To help the email user to manage their inboxes and supress unwanted email, the Mailbox Providers implemented filters and rules of engagement over the last couple of years.

Mailbox Provider learned from user’s feedback to distinguish between good and bad email. Content keywords were the most obvious and well-known factors in the early days – but this was just the beginning. The famous spam button appeared in application interfaces to collect the subscriber’s feedback.

Nowadays the evolution of tracking, automation and machine learning made the Mailbox Provider start to include and consider even more data points like reads, filing, forwarding, or other email interactions.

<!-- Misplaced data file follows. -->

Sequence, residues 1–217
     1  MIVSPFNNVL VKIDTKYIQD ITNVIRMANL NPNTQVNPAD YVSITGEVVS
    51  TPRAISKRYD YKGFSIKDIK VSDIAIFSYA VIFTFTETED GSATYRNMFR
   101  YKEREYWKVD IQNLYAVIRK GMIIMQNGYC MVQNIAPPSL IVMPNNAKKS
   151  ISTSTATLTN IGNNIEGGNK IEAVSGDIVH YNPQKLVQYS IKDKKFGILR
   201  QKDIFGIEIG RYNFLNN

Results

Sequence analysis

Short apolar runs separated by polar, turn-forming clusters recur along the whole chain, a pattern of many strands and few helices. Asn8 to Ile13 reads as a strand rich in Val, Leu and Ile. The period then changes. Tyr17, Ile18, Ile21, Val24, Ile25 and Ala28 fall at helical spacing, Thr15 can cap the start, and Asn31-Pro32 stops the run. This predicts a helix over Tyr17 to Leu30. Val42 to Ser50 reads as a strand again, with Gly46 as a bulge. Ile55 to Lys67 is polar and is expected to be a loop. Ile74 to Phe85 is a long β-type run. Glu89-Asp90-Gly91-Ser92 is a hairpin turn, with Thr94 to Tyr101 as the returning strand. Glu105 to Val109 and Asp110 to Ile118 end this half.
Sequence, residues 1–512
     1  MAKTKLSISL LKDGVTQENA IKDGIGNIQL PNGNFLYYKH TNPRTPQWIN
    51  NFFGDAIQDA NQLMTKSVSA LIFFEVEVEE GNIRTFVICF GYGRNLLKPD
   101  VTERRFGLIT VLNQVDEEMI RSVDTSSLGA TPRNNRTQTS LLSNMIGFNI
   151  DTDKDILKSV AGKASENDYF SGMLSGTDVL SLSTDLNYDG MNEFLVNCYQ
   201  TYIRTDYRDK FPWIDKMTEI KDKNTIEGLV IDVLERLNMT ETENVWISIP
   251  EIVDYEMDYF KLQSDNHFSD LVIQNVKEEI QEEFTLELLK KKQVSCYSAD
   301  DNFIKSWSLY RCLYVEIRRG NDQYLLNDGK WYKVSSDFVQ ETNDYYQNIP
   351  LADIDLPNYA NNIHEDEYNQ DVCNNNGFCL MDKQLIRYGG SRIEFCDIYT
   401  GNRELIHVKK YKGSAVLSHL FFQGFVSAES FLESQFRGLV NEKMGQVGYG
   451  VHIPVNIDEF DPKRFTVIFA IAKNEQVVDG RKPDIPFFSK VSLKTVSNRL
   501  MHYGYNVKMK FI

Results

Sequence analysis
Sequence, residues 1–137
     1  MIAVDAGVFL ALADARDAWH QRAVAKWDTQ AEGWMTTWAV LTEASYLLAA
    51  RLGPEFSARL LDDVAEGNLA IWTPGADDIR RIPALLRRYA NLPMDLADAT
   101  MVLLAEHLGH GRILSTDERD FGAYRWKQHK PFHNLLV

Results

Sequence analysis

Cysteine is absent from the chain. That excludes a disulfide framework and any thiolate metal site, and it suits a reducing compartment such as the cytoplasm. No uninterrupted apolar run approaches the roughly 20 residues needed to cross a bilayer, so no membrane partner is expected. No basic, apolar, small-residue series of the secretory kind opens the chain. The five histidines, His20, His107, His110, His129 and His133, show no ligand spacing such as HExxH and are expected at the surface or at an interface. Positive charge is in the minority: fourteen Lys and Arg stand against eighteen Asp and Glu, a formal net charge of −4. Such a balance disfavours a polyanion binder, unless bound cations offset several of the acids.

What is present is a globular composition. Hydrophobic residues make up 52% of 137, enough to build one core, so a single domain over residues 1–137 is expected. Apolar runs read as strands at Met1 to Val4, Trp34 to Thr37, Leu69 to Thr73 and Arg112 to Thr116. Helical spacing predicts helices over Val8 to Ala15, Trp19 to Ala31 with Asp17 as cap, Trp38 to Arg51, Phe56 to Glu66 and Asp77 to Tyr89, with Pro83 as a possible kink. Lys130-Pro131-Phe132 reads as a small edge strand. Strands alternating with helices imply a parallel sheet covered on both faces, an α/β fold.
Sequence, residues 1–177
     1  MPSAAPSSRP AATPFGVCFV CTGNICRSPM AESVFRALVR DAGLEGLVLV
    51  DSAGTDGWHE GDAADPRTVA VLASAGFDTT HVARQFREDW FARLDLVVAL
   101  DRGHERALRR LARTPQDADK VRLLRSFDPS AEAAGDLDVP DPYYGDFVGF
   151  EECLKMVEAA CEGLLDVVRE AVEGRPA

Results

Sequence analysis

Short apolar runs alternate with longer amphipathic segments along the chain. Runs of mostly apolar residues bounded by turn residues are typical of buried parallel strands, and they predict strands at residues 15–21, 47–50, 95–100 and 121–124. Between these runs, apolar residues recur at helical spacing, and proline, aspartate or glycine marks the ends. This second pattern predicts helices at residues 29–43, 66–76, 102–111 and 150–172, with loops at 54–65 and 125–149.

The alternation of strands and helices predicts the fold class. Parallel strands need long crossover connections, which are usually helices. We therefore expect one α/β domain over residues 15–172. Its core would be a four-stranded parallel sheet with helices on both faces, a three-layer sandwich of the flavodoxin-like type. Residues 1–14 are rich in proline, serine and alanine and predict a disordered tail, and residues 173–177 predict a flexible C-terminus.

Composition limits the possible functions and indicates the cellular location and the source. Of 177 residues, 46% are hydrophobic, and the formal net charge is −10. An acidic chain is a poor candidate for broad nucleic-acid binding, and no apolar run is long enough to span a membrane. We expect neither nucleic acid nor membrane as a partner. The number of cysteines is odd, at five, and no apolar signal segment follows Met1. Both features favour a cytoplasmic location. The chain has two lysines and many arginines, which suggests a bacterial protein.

Email Filtering is becoming a more intelligent and complex process based on an extensive list of complex rule sets and dependencies. Having the correct SPF record in place is by far not enough to reach the inbox anymore.

There is no good or bad

The email world appeared to be easily dividable into good and bad – in the mindset of some market members. For many Email Marketeers the Mailbox Providers are the bad guys who only want to stop them from earning money with email marketing, but this is not true, and it is not as simple as that.

The evolved complexity of email deliverability and the related challenges of constantly increasing global email fraud is putting high pressure on the Mailbox Providers.

It is not easy to distinguish between bad and good. The consumer behaviour has been changed over the past years and Mailbox Providers are challenged to consider and respect this user behaviour and feedback.